[00:44:30] Ian Bushfield: Well, and the other half of it is the number of people coming out for these projects, whether it’s through virtual consultations or in person. Is an arms race. Now it’s, you know, there were over a hundred speakers for this Denny site development. You get the NIMBYs who come out and then AHV as being effective at bringing out the people who support development and you have more and more coming.

[00:44:55] And so, provincial and federal governments can deal with this because not everyone has a right to speak before them. you can. Submit things in writing and ask to be a representative who speaks there, but it does make it a little more efficient to bring things forward. and like city council has played around with these rules a little bit in terms of speaking length and some of those types of approaches.

[00:45:19] But you know, if every resident in the city of Vancouver showed up to debate or to speak to an issue, At some point, council’s got to say, all right. I think we’ve heard from a representative sample. Let’s move on.

[00:45:33] Matthew Naylor: well actually represented the samples a little bit tricky because like vinca for city council is responsible for waiting not only based on the city’s needs and you can manufacture something that looks like the last civic election, if you wanted, but you also have to develop based on the neighborhood needs and answer the question. Do the people who live nearest by matter most, most of the councils ended up answering that question. Yes. and, and wait accordingly, although, and , actually, this is a nice little area to shoe horn in a little announcement that I have. I was recently appointed to the Vancouver board of variance. And so I’ve been spending the summer, you know, making tiny changes to the footprints of buildings and, adjusting the amount of building that can be near a tree, which sounds very boring.

[00:46:23] And. Can be very boring, but also is actually very fulfilling and, informative at the best of times. So, for those of you who are denizens of the, what zoning board approved this Facebook group, for Vancouver, the answer is in part this guy. Thank you.

[00:46:44] Ian Bushfield: Well, one of the councils where things may get shook up a little, so that perhaps things flow more difficult. Yeah, I guess so Burnaby for long time has just been a one party state, the Burnaby citizens association in the last election, like Hurley, independent famously won.

[00:47:03] And in the last few years, things have been getting. More complicated as three BCA members calling Jordan Dan Johnston and Paul McDowell all left the party over disputes where I think they thought it was getting too close with Hurley and the remaining BCA members, James Wong, SAB, Dolly wall, and Pietro Kellen, Dino and Nick Volkl.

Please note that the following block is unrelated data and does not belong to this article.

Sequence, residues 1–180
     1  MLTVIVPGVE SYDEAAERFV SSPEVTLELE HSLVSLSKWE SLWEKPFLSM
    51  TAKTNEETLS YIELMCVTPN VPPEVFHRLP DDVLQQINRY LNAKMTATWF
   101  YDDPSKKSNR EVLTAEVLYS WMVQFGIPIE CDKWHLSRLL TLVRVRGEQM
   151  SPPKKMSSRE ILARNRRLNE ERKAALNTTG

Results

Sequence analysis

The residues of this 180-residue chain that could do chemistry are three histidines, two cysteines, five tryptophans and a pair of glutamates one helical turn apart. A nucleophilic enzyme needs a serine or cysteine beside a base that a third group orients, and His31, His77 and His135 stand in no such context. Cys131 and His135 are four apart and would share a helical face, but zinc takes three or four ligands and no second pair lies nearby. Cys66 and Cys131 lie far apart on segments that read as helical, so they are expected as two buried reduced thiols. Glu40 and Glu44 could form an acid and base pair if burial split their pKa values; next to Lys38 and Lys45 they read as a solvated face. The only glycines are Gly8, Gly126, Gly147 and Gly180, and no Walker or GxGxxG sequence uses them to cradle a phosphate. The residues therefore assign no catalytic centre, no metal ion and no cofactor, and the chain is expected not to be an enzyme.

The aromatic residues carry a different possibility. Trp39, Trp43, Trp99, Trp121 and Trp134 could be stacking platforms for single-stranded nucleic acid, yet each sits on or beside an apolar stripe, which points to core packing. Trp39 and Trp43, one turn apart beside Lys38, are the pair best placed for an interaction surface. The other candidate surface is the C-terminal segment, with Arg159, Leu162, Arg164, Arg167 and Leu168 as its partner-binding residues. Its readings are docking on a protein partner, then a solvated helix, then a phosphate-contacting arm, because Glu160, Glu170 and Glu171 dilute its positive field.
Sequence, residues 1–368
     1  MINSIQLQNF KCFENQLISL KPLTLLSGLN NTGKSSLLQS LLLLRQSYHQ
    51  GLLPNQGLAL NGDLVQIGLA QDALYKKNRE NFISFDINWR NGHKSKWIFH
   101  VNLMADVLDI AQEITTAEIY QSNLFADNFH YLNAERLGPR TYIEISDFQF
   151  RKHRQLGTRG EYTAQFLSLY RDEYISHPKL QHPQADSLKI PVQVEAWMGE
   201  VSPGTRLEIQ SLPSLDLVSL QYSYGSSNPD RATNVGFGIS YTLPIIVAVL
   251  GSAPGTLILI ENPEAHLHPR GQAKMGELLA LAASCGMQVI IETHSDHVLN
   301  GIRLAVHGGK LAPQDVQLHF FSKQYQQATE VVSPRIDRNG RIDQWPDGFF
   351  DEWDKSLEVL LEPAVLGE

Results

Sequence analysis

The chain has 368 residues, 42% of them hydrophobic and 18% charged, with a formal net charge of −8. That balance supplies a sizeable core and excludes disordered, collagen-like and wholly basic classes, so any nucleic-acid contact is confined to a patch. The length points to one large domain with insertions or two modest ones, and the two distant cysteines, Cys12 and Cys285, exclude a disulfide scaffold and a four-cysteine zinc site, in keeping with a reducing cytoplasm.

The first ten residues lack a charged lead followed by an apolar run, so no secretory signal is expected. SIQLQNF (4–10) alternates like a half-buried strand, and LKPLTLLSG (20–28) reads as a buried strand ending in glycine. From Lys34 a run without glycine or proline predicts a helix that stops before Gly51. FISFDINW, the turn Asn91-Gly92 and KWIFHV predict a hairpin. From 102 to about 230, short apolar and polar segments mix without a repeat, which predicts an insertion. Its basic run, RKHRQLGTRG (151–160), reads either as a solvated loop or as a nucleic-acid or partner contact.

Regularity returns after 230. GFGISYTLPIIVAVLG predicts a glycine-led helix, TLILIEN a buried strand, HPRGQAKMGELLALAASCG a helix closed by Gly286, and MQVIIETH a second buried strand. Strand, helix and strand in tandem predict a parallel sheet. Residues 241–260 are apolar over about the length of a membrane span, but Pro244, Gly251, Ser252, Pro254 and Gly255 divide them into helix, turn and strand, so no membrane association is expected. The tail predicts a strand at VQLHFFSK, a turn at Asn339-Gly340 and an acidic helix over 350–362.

[00:47:24] Kind of took a more pro Hurley stance. And then you also had Joe Keithley representing the greens just to really make it a mess. But you basically had, a very minority situation council

[00:47:35] Matthew Naylor: Yeah. And it’s weird for that to emerge out of what looks like to be a very unified election, but in times of political turmoil in that kind of churn, you do, parties will realign themselves and reinvent themselves to reflect the views of a pipe of us.

[00:47:52] Ian Bushfield: I think the BCA really just represented Derek Corrigan. And once he was out of the mayor’s chair, you had counselors whose only. Purpose was to be counselors. And they just happened to be able to get under the correct banner. And then they didn’t actually have as much ideology tying them together.

[00:48:09] And so they’ve started to fracture. Now what throws this into even more disarray is unfortunately to Burnaby city counselors passed away earlier this year, Nick Volkow and Paul MacDonald. So there will now need to be by-election right to fill both of those


[00:48:31] one was aligned more with him, I think. And one was not. So McDonald had left the BCA and vocal was still with it, just to con it’s a mess. I’m trying to keep up with it. And I live in this city and it’s hard.

[00:48:45] So we’ll have a byelection for two counselors. Everyone in the city will get to vote. the city was waiting a little bit to see what the province would say. You can do because we are still in a pandemic. And so having a bunch of people line up at polling stations is probably a bad idea.

[00:49:03] Thankfully, elections BC has released its COVID-19 by-election guide because I guess there are dozens of councils that actually need bio elections because turnover happens quite a bit. When you count up how many positions there are across the province.

[00:49:17] Matthew Naylor: Yeah, there are, there were over 2000 city counselors in BC, so.

[00:49:22] Ian Bushfield: Statistically some will resign die. Otherwise vacate their office.

[00:49:27] Matthew Naylor: Yeah, hopefully it’s juicy scandal for the Cadbury report to cover.